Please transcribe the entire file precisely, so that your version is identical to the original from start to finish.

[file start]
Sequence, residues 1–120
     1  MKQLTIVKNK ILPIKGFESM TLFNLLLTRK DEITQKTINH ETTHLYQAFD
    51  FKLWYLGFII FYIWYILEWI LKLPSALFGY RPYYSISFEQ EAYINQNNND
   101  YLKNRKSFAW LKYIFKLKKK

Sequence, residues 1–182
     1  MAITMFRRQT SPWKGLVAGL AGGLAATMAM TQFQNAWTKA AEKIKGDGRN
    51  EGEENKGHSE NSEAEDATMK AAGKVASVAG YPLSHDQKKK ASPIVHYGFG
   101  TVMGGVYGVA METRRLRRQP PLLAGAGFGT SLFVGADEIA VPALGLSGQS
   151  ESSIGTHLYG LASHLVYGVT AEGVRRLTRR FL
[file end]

Sequence, residues 1–120
     1  MKQLTIVKNK ILPIKGFESM TLFNLLLTRK DEITQKTINH ETTHLYQAFD
    51  FKLWYLGFII FYIWYILEWI LKLPSALFGY RPYYSISFEQ EAYINQNNND
   101  YLKNRKSFAW LKYIFKLKKK

Sequence, residues 1–182
     1  MAITMFRRQT SPWKGLVAGL AGGLAATMAM TQFQNAWTKA AEKIKGDGRN
    51  EGEENKGHSE NSEAEDATMK AAGKVASVAG YPLSHDQKKK ASPIVHYGFG
   101  TVMGGVYGVA METRRLRRQP PLLAGAGFGT SLFVGADEIA VPALGLSGQS
   151  ESSIGTHLYG LASHLVYGVT AEGVRRLTRR FL